Playing the orchestra’s smallest instrument can be a thrilling high-wire act but SFS Piccolo Catherine Payne relishes the challenge.
Member since: 1996
Hometown: West Hartford, CT
Ask Cathy Payne what’s the best thing about being the piccolo player in the San Francisco Symphony, and the words flow out, like a gorgeous piccolo solo.
“You’re part of this incredible machine, where everything fits together, precise yet expressive and flexible. I’ve loved it ever since I played in a high school youth orchestra; I was just hooked.”
The piccolo is the smallest instrument in the orchestra but it plays the highest notes and has a lot of power. “I love being a solo voice, floating over the orchestra. The piccolo has an unfair reputation for only being shrill and high, but in the right hands it can be soulful, tender, and so lyrical. Or, it can be used to evoke power, anger, and terror. Helping to create those different moods in the orchestra is exciting for me.”
Not that being the lone piccolo player is always a piece of cake. For example, in Beethoven’s Fifth Symphony, there’s a famous piccolo flourish, a blur of notes riding atop the rest of the orchestra…in the last movement. “A lot of my career is spent waiting to make my entrance. In the Fifth, I sit for about forty minutes. But I’m not bored, because I’m listening to my colleagues.”
Performances aside, Cathy is equally passionate about teaching, at San Jose State, San Francisco Conservatory of Music Pre-College division, and as a coach with the SFS Youth Orchestra. “As I get older, I feel more and more that teaching is the most rewarding aspect of my life as a musician. It can have such an impact on a young person’s life, even if they’re going into another field. There’s nothing more satisfying than helping a student to unlock his or her creative potential, to see them build confidence; to hear them express themselves through their instrument more musically; to see them find joy in the instrument. That’s as good as it gets.”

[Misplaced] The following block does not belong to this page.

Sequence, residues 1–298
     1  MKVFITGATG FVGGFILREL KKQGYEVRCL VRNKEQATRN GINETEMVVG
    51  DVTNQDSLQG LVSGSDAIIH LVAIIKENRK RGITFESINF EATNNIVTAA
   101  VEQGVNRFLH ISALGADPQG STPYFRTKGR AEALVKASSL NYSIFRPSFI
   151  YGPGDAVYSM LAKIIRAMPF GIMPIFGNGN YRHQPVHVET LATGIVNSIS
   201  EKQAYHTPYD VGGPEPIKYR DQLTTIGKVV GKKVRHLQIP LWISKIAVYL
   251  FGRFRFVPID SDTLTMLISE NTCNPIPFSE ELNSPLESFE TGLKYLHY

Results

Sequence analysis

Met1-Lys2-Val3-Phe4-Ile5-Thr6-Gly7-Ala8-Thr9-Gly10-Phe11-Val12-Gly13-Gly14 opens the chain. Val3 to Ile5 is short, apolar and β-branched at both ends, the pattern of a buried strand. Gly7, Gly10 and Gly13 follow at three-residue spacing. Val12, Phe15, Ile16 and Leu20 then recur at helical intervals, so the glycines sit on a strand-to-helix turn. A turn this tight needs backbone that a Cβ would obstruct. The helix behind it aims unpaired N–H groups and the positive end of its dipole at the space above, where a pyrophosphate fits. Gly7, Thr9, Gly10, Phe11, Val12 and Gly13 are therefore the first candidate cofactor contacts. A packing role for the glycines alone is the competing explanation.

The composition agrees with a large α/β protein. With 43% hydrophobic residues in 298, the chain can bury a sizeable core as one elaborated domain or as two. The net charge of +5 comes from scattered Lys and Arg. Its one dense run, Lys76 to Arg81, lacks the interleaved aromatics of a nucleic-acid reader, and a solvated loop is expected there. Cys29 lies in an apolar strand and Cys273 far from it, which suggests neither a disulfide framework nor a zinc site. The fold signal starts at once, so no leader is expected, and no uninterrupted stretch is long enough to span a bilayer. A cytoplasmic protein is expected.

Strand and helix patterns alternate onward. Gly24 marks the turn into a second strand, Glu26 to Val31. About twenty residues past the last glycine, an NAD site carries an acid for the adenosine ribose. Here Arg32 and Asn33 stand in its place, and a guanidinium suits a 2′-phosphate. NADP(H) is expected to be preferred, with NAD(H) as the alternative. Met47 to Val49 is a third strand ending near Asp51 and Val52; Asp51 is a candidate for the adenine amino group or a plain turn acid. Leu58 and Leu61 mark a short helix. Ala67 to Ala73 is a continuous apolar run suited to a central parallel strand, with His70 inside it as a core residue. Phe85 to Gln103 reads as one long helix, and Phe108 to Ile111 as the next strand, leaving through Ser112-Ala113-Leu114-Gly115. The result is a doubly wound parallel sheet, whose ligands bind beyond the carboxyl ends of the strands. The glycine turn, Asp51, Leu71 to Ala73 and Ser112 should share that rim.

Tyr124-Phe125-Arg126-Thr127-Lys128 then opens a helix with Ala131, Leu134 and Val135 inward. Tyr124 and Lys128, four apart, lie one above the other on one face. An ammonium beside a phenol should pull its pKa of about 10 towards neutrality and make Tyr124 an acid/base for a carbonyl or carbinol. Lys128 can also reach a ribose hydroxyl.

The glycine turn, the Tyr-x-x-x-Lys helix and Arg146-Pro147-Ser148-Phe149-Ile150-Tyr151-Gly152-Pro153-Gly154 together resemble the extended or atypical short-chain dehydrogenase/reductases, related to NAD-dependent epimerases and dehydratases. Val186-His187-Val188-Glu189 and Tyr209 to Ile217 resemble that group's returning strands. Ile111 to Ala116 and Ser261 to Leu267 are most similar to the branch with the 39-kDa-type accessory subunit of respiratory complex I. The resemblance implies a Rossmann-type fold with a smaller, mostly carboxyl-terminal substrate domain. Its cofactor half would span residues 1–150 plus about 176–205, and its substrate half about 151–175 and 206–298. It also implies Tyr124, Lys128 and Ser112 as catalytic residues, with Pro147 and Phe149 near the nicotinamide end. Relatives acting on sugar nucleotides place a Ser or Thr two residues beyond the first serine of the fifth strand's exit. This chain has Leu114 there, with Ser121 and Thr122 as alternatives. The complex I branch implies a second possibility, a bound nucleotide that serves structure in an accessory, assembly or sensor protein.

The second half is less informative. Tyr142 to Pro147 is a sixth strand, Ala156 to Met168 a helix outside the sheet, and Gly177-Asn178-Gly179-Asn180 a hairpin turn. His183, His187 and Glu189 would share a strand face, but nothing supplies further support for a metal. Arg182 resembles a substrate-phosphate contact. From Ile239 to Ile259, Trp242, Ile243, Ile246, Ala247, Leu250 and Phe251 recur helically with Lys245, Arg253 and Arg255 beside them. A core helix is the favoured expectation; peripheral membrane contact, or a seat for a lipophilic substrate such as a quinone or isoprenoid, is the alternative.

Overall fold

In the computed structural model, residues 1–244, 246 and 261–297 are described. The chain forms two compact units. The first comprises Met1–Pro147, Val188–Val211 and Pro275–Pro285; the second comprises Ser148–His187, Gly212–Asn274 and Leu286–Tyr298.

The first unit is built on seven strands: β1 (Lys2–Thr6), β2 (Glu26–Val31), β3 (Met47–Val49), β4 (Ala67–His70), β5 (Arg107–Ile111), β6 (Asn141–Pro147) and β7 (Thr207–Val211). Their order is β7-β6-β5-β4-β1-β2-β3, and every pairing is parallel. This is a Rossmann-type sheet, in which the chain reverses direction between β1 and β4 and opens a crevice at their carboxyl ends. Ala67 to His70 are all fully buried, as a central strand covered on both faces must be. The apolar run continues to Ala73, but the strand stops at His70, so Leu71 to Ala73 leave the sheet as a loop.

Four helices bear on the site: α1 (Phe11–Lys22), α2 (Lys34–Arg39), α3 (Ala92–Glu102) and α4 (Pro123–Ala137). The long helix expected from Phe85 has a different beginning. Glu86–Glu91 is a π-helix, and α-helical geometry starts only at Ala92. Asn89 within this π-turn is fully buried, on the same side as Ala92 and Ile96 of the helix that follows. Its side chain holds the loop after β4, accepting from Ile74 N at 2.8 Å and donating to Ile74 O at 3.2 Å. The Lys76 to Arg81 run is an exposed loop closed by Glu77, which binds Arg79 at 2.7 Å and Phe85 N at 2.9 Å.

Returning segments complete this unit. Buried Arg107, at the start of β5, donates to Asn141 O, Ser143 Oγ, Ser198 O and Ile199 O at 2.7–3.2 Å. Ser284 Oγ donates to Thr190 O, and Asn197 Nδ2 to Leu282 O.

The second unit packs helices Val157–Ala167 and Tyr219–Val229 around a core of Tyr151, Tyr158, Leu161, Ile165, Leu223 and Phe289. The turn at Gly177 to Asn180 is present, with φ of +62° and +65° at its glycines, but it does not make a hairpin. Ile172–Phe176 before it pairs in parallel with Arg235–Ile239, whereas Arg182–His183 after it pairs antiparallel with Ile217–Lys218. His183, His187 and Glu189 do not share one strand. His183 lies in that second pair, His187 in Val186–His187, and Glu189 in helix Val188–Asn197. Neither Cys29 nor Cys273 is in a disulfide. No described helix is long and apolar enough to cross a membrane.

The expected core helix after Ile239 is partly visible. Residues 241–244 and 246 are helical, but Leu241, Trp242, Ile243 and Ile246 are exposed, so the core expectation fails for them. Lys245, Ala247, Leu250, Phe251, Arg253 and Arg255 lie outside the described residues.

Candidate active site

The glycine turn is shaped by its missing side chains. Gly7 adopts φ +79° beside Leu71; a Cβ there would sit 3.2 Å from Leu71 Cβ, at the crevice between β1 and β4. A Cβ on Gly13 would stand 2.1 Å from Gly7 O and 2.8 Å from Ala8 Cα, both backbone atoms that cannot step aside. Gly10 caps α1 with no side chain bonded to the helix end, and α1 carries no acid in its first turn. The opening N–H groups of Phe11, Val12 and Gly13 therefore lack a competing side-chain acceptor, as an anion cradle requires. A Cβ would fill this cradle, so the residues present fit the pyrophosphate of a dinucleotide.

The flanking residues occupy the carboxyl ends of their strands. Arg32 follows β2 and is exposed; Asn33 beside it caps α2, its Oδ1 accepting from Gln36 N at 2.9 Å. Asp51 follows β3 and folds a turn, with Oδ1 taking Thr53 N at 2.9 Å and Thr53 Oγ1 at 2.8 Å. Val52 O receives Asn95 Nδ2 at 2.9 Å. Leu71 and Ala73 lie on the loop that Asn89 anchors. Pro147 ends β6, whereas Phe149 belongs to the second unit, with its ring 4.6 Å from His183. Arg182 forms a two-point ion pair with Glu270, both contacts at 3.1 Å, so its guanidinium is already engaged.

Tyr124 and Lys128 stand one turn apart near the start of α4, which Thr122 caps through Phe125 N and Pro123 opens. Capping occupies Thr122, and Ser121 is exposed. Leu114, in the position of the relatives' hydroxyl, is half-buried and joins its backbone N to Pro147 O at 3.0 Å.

Cathy also enjoys the Symphony’s Music for Families concerts, which bring parents and young children together for entertainment and inspiration. The pre-concert petting zoos, where children line up to try an instrument with a member of the SFS, have become a favorite for kids. “They get to hold an instrument for the first time, and they’re so excited to try it. They push the keys down, and try to make a sound. It’s a kick to work with kids that age.”
She has a lot of practice, thanks to her three-year-old son Sam. “He has his own CD player, and a little flute and violin. He bangs on the piano, and he loves to sing. Growing up in a house full of music is a great way to start out in life.”
Cathy’s passion about teaching may stem from a key moment from her college days. “I had a double degree: English and flute performance. But I was afraid I wouldn’t make it as a flutist, and had settled on publishing as a career. Then Gloria Steinem, one of my great heroes, spoke at graduation. She told us, ‘You’ll never be as free again as you are now. If there’s anything you want to do, do it now. If you fail, at least you tried.’ That made a huge difference to me. I ditched the publishing interviews and got work as a temp secretary (I was terrible). But every night I went home and practiced, and within a year I was able to support myself as a musician. I never imagined, listening to Gloria Steinem at commencement, that I’d wind up in the San Francisco Symphony, one of the world’s greatest orchestras. I’ve been here twenty-three years, and it’s still a thrill!”
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